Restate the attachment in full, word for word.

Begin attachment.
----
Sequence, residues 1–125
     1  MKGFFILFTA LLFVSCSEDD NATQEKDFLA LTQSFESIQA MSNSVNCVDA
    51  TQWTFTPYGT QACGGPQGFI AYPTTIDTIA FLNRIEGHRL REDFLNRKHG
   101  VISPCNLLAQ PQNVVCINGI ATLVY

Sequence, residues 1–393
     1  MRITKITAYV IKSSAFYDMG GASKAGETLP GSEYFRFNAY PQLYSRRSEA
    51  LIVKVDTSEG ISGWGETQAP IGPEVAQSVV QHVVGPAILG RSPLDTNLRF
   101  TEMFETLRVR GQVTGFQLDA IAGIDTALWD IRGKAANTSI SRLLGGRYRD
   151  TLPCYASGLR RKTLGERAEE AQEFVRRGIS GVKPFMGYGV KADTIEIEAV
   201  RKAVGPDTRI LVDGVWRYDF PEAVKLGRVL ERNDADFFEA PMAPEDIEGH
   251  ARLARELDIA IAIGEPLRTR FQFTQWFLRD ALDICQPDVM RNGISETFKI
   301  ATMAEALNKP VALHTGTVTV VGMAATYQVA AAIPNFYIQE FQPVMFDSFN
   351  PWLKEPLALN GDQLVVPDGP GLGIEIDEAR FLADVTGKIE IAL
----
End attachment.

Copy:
Sequence, residues 1–125
     1  MKGFFILFTA LLFVSCSEDD NATQEKDFLA LTQSFESIQA MSNSVNCVDA
    51  TQWTFTPYGT QACGGPQGFI AYPTTIDTIA FLNRIEGHRL REDFLNRKHG
   101  VISPCNLLAQ PQNVVCINGI ATLVY

Sequence, residues 1–393
     1  MRITKITAYV IKSSAFYDMG GASKAGETLP GSEYFRFNAY PQLYSRRSEA
    51  LIVKVDTSEG ISGWGETQAP IGPEVAQSVV QHVVGPAILG RSPLDTNLRF
   101  TEMFETLRVR GQVTGFQLDA IAGIDTALWD IRGKAANTSI SRLLGGRYRD
   151  TLPCYASGLR RKTLGERAEE AQEFVRRGIS GVKPFMGYGV KADTIEIEAV
   201  RKAVGPDTRI LVDGVWRYDF PEAVKLGRVL ERNDADFFEA PMAPEDIEGH
   251  ARLARELDIA IAIGEPLRTR FQFTQWFLRD ALDICQPDVM RNGISETFKI
   301  ATMAEALNKP VALHTGTVTV VGMAATYQVA AAIPNFYIQE FQPVMFDSFN
   351  PWLKEPLALN GDQLVVPDGP GLGIEIDEAR FLADVTGKIE IAL